Rutgers breaks ground on multisport training facility


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Photo by Brian Fonseca |

Rutgers Athletic Director Pat Hobbs and University President Robert L. Barchi are joined by New Jersey State Legislators and prominent donors in breaking ground for the RWJBarnabas Health Athletic Performance Center.


When Patrick Hobbs took the job as Rutgers’ athletic director last December, there was no question as to what his first priority was.

“Facilities, facilities, facilities,” he said, something his predecessor Julie Hermann had also preached but never fully committed towards in her two and a half years in Piscataway.

But there Hobbs stood on the south side of the Rutgers Athletic Center Tuesday morning, leading the groundbreaking ceremony for a new multisport training facility just more than 11 months to the day of his official unveiling and 10 from the announcement of the R Big Ten Build Fundraising Initiative.

“One of the great things about athletics is that you have those moments, particularly in a game when you're on the sideline, where you feel that chill when something special is happening. I got that today when I came here and walked out to see the preparation and believe this is happening,” he said. “If you can't get emotional about a day like this, then you need to find something else to do. So you'll see me smiling all day long because this is real. This is an announcement that we intend to compete in the Big Ten and we intend to compete at a championship level. So this is a very emotional day and I will not come down from this high for a long time.”

The facility is officially named the RWJBarnabas Health Athletic Performance Center after an $18 million contribution to the R Big Ten Build from the largest hospital and medical network in New Jersey.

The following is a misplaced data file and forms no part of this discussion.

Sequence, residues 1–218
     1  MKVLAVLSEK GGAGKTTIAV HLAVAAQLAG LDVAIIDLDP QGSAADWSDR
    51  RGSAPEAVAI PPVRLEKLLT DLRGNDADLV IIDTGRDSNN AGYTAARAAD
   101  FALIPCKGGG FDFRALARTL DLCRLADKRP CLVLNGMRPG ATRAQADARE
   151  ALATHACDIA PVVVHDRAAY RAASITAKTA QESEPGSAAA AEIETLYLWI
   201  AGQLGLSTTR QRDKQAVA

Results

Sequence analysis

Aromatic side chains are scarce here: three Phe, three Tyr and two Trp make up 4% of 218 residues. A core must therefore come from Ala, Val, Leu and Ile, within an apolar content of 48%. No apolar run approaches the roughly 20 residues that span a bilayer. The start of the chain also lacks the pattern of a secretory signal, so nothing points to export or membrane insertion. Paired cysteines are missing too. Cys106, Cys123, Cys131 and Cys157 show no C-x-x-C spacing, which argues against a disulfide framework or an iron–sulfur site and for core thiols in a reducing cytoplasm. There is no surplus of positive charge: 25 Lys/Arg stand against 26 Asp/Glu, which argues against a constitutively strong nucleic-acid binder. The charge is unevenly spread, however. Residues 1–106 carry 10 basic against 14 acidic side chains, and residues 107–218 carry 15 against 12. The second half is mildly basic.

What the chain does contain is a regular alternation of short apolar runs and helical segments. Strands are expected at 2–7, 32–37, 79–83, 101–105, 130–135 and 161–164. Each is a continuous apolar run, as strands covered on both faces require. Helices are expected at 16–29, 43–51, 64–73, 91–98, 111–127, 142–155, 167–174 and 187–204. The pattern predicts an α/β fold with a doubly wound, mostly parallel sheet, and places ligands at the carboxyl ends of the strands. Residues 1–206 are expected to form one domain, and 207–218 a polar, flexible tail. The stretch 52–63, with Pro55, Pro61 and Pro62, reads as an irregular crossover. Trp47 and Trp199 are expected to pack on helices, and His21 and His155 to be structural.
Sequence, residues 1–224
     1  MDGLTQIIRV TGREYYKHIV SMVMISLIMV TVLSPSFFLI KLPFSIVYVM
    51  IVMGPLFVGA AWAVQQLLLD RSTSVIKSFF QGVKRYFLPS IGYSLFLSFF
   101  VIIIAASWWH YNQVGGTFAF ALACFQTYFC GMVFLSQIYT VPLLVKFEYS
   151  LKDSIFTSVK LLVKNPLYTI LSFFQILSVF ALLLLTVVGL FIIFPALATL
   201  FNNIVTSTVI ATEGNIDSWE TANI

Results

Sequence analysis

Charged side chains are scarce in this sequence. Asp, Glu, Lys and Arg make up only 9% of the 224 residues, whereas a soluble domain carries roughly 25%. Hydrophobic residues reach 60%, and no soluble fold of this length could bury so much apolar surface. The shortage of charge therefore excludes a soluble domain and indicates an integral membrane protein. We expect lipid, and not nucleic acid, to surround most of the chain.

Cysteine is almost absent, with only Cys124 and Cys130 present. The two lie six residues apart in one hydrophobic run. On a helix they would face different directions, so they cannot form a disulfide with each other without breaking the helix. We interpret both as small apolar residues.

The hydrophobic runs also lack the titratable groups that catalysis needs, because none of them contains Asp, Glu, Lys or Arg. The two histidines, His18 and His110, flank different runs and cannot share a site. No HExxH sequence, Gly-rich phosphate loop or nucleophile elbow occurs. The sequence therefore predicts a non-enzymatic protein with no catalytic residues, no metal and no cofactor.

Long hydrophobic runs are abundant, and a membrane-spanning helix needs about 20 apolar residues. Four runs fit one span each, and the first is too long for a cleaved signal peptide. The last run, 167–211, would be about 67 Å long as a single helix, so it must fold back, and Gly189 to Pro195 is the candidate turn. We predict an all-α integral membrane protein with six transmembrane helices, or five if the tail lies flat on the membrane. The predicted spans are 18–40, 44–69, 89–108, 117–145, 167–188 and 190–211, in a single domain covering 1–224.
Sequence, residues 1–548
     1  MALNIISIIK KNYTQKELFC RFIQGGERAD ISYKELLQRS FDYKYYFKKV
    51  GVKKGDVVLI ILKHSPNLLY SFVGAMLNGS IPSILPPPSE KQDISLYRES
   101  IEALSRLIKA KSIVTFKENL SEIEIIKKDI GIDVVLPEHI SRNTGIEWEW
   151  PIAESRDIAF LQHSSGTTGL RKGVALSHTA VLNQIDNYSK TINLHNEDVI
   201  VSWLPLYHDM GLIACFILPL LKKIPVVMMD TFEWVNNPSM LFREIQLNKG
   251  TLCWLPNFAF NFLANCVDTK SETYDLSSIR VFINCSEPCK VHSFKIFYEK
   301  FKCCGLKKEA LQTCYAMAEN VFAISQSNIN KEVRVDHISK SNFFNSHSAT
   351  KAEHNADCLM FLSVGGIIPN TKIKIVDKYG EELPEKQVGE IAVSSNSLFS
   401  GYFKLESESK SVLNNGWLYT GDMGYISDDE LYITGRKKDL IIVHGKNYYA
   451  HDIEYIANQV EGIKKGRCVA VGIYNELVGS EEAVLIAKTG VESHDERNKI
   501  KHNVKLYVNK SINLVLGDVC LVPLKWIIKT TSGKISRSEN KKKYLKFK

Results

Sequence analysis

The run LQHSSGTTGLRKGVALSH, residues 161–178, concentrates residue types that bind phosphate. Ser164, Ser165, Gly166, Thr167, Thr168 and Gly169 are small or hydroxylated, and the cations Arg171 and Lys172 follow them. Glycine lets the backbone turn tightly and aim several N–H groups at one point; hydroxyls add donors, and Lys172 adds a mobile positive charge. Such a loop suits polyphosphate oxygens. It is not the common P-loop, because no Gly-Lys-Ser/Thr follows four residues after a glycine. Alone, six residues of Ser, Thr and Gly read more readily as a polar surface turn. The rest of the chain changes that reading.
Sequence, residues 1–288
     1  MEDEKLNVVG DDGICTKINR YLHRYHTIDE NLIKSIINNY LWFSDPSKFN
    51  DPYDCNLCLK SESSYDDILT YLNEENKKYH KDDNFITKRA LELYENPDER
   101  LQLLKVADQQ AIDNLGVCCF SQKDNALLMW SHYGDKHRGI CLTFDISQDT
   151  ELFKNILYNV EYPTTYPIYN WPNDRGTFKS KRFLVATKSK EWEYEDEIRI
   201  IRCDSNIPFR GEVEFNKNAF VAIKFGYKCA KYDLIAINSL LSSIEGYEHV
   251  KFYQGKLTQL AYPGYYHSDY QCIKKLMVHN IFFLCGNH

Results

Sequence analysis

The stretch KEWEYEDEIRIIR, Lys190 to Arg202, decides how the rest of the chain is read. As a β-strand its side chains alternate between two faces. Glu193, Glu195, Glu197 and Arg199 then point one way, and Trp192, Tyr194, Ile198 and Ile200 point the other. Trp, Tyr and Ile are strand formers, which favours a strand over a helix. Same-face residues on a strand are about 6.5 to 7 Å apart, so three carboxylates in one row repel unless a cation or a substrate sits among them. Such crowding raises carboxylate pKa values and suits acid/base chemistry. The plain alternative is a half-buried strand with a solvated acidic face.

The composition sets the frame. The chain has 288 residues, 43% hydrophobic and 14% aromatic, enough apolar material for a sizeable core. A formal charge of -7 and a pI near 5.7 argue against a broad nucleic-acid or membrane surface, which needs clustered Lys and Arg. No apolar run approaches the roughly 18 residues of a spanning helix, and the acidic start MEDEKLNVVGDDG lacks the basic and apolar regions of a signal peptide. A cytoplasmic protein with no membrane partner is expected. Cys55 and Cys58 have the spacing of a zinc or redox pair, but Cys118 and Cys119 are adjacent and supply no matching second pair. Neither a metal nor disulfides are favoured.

The partnership was made to continue the commitment of making New Jersey a better place to live through investing in the community, said President and Chief Executive Officer of RWJBarnabas Health Barry O. Ostrowsky.

The facility not only will provide a standalone venue for the men’s and women’s basketball, gymnastics and wrestling teams to practice outside of the RAC, but it will also help bring the State University and his alma mater to the forefront of sports medicine.

It will also provide a selling point to recruits and their parents, according to Hobbs, as the Knights will join their fellow Big Ten conference members in having a dedicated practice facility for their basketball programs.

“I hate to say it because it will make me sound like I'm 100 years old, but when I came to Rutgers, there was nothing up,” Ostrowsky said. “Now, when I come on campus and see what's happening, there's a special feeling ... Not everything should be "P" and "L" and balance sheet and return on investment. There has to be an emotional investment between partners to seek out the best for those who we serve."

It will be a while until the athletic programs can take full advantage of the facility — it’s not expected to be completed until July of 2019 — but that hasn't stopped head wrestling coach Scott Goodale, head men's basketball coach Steve Pikiell and head women's basketball coach C. Vivian Stringer from using it in their pitches to recruits.

"We knew the importance of a facility like that. To see this come to fruition and shovel the dirt, it makes me want to start building the building myself," Stringer said. "It’s a great time for all us in athletics but also certainly the state. We have to be so proud. It’s a state-of-the-art facility and one that long before an athlete would even consider a scholarship, they want to come and see this facility. It’s a proud moment for all of us.”

When day will come when the RWJBarnabas Health Athletic Performance Center will open its doors, but it'll remain the first step of a long journey Hobbs embarked on when he took his job as the figure head of Rutgers Athletics. And until he reaches his goal of making the Knights a premier athletic program as a whole, he'll be looking nowhere but ahead.

"Urgency is the word. We have to continue to be out there to raise money," he said. "There is an urgency around everything we do here in athletics ... We're in the toughest division in the best conference in the United States, and obviously you've seen some of the results. We need to change those results. The way we do that is by recruiting great coaches, supporting the coaches you have and (providing) them with facilities they can be successful with. So I treat every day with a sense of urgency."


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Brian Fonseca

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